Nearly three months after the Arizona Board of Regents approved a plan that will allow the Coyotes to use Arizona State University’s new multi-purpose arena as their temporary home, that deal is complete. ASU CFO Morgan Olsen confirmed the news on Wednesday evening.
“I don’t think there were really any issues with respect to terms,” Olsen said. “It was just lots of lawyers involved and doing what they do and it takes a long time.”
The deal allows the Coyotes to play the next three seasons at the arena, with an option for a fourth year if the building of their permanent home takes longer than hoped. The Coyotes are still awaiting word from the Tempe City Council on their proposed arena and entertainment district on the south bank of the Salt River. The council has asked the Coyotes to provide clarification on a number of undisclosed issues after viewing impact studies, projections and detailed information related to the project for the first time in executive session last month.
In order to play at ASU’s multi-purpose arena, which will also house the ASU men’s hockey team, wrestling and gymnastics, the Coyotes had to build their own team spaces because NCAA compliance rules do not allow them to use ASU’s team spaces. Construction on that $19.7 million annex at the northeast corner of the facility is well under way, Olsen said, with excavation complete, horizontal concrete poured and the frame taking shape.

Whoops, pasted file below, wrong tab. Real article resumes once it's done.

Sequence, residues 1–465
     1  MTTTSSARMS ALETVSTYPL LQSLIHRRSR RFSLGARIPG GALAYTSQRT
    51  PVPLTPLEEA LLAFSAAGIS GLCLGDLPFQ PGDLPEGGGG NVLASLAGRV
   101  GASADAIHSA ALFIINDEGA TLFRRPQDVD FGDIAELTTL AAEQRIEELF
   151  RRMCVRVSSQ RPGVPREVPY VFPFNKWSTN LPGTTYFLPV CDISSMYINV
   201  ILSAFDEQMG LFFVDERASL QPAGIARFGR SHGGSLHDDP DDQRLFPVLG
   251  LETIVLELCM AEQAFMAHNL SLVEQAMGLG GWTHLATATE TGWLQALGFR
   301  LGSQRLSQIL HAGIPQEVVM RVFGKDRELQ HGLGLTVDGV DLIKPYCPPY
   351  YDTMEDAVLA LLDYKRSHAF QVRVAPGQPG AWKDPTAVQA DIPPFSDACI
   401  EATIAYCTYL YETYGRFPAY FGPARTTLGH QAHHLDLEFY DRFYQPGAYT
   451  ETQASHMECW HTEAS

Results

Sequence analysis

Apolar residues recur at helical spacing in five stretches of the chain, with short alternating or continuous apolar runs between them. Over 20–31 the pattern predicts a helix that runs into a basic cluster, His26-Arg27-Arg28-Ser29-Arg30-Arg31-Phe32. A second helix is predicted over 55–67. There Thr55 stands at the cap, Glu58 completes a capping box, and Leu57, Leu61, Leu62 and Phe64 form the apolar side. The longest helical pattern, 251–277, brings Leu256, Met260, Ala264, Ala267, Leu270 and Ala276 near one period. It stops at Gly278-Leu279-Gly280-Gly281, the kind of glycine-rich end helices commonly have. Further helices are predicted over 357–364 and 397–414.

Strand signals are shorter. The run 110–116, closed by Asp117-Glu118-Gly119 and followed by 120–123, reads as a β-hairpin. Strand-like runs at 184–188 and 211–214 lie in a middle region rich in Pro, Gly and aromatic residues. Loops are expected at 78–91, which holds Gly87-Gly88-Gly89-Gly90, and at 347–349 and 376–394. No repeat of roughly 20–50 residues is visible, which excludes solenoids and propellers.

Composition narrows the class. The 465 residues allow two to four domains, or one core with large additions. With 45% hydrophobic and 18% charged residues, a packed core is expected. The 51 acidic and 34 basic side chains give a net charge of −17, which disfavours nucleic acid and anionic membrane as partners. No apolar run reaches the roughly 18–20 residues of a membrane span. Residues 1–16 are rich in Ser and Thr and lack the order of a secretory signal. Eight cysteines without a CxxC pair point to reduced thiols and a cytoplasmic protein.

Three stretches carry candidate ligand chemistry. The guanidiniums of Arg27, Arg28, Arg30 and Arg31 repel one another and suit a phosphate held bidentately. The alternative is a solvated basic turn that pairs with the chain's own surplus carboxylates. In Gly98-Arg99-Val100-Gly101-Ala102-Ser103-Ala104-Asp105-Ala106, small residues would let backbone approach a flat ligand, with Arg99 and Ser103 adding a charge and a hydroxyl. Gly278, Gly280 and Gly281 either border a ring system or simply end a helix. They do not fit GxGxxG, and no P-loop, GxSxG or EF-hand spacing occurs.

There has been rampant speculation that the Coyotes would have to start the 2022-23 season on the road until those team areas are complete, much like the New York Islanders did for the first 13 games of the 2021-22 season while UBS Arena was still under construction. The annex is not scheduled for completion until December, but Coyotes president and CEO Xavier Gutierrez told PHNX Sports in March that there was an alternative that would allow the Coyotes to play home games when the NHL season begins.
“There is an entire community ice rink (attached to the facility) that we are looking at utilizing and creating the necessary team spaces that are up to NHL standards,” Gutierrez said.
That option was confirmed both by NHL deputy commissioner Bill Daly and by Olsen. Olsen deferred to Gutierrez on details for that set-up, but he said that the university is “flexible” and will allow the Coyotes to set up temporary team spaces in the community rink so long as the temporary spaces do not exist “for a long period of time.”
The NHL schedule will not be released until this summer, and there are generally multiple iterations of that schedule that go through the approval process before being finalized, but a league source said that in one iteration, there were three Coyotes regular-season home games scheduled for October at ASU; the same number of home games that the Coyotes played at Gila River Arena this season (with six road games).
While there has been speculation that the Coyotes could pull out of this deal if the city council does not approve their permanent arena, Olsen said that there is nothing in this deal that addresses that scenario; no opt-out clause.